I made my way down to the pitch, taking care to climb over the advertisement hoardings after witnessing the person in front of me almost kill themselves on them. Once I was on the grass, the heat from the sun suddenly felt even stronger, and all I could do was take a deep breath. My surroundings very quickly became real to me, and I couldn’t help but look up at the stands in awe. Sure, they were now 70% empty because everyone else was seemingly on the pitch, but it was still one hell of a sight.

After some time, I decided to go back to my seat. I expected the players to do a lap of honour, and after being unable to stay from them at the end of the past few seasons, I wanted to make sure I was still here for it on this occasion. Many rows around my seat were empty now, and I could sit in the sun with my feet up, as our players celebrated with the trophy they had just won to confirm their promotion. All in all, I was probably in that stadium for nearly 1.5 hours after the game had reached its conclusion.

There’s been a lot of talk about second chances, these past few days. The biggest one being discussed is Cardiff City Football Club’s chance to have a proper crack at the Premier League, after their first was marred with all the issues that came with the rebrand and Malky Mackay’s feud with Vincent Tan. But it also feels like something of a second chance for me, too.

Due to work commitments at the time, I wasn’t able to renew my season ticket for our Premier League year. Sod’s law, the issue that had stopped me being able to renew was actually no longer a problem by the time the season started, but sadly season tickets weren’t available anymore at that point. I went to a few games (Spurs, Newcastle, West Brom, Stoke away), but I couldn’t justify spending the extra money that came with buying match tickets separately rather than as a full season ticket.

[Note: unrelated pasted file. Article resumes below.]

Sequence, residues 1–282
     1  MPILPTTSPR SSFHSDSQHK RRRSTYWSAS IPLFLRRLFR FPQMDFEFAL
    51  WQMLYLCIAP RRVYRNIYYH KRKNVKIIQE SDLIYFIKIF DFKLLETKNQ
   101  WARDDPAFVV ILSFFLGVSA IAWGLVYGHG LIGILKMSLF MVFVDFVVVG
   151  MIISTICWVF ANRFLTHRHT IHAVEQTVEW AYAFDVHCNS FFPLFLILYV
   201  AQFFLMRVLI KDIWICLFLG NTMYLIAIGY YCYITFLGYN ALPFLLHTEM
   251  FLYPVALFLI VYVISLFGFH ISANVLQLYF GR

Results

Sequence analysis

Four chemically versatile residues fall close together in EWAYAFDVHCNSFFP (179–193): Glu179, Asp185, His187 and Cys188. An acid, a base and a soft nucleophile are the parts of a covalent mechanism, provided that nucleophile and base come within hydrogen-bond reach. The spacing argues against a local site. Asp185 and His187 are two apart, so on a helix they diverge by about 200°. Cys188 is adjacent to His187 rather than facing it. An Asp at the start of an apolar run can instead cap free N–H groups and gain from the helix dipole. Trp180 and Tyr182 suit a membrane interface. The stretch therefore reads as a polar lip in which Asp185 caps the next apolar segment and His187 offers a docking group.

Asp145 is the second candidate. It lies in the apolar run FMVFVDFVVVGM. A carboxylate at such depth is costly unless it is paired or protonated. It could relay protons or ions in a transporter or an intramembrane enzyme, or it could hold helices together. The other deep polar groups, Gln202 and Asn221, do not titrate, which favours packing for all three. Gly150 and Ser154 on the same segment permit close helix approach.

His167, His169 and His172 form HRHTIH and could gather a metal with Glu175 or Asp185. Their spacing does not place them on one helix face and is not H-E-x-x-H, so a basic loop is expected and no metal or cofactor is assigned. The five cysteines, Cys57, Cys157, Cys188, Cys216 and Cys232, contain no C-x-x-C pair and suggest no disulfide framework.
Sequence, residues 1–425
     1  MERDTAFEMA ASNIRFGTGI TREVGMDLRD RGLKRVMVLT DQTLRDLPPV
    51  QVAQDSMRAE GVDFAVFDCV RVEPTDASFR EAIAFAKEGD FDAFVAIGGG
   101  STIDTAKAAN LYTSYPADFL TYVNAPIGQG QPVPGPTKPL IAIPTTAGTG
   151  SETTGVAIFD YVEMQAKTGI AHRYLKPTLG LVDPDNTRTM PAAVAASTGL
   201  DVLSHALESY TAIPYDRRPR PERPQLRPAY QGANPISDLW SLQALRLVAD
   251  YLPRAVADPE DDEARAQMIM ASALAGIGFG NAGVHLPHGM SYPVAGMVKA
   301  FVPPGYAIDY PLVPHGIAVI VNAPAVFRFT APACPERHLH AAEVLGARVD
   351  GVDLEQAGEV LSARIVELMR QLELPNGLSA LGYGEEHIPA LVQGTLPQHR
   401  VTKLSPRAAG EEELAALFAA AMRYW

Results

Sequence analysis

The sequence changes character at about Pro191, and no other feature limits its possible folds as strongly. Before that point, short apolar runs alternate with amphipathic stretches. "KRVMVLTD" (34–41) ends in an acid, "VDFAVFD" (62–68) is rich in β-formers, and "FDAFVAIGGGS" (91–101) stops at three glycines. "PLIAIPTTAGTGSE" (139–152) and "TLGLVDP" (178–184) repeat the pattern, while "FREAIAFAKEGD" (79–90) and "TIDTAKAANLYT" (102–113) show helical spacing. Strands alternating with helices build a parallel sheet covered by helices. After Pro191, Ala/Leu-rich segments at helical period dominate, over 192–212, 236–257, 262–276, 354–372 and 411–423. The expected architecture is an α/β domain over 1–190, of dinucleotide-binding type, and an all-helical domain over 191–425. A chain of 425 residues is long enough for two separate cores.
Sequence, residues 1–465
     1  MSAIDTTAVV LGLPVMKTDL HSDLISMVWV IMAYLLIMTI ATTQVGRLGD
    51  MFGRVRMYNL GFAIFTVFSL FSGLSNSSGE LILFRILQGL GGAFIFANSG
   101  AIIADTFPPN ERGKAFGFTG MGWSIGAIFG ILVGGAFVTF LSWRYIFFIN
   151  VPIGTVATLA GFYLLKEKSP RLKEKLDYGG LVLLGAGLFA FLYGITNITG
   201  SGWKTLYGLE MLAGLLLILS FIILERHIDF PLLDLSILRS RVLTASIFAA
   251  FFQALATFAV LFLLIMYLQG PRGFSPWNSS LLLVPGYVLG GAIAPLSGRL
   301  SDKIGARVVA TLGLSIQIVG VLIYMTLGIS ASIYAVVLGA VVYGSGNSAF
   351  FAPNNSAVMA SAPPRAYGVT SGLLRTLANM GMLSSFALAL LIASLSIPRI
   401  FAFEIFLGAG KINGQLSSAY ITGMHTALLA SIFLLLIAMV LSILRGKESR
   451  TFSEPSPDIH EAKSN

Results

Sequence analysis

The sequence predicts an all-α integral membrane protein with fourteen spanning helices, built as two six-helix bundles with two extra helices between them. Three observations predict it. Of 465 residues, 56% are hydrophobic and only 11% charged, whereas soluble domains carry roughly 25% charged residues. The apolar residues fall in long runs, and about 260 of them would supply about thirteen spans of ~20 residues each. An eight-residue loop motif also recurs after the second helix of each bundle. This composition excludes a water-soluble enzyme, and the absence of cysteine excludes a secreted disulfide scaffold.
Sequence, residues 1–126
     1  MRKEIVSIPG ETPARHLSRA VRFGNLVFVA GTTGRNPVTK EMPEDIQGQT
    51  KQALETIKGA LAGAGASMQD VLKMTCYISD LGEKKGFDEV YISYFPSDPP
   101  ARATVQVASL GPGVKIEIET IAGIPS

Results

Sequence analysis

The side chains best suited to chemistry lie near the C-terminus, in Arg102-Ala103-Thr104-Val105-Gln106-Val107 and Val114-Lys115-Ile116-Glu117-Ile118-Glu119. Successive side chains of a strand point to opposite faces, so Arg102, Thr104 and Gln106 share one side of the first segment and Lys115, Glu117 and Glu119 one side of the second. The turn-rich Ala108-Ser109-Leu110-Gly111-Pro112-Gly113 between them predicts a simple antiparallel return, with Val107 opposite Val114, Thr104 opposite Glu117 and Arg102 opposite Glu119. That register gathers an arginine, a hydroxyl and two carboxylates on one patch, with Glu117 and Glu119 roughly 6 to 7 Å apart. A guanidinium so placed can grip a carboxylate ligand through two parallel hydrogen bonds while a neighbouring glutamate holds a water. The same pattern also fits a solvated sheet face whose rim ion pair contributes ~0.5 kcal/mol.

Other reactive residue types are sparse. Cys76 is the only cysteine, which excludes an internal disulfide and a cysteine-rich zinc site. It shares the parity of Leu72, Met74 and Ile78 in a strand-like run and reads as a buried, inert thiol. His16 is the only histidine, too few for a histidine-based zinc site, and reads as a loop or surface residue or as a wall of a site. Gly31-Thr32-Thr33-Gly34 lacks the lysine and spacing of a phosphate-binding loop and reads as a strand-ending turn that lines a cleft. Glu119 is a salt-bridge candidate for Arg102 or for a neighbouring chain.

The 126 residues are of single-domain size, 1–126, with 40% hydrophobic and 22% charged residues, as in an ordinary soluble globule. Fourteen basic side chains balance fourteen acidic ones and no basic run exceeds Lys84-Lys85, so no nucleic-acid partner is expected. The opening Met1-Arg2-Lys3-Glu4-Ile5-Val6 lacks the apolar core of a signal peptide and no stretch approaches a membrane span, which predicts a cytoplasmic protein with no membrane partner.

Of course, relegation meant I was able to quickly get a season ticket again, but I’d still missed our first season amongst the worlds elite, irregardless of how it turned out for us. Sat in Cardiff City Stadium this past Friday, seeing the players and fans celebrate, I realised that this was my second chance to see my club play against the best players and teams in the world. Win or lose, I get to be there every week, and that’s more than enough for me.

Watching this club reunite, and charge towards promotion, has been incredible. Those on the outside wouldn’t know the changes we have gone through these past four years, most of them bad at the start, but all of them wonderfully brilliant the past 18 months. We’ve earned this, both players and fans, and it’s ours to celebrate.

Sunday afternoon will mean a lot of different things to other people, but for me it represented an incredible achievement, and a personal opportunity to celebrate it in a way I foolishly didn’t before.

One of the best days of my life, and we did it in blue.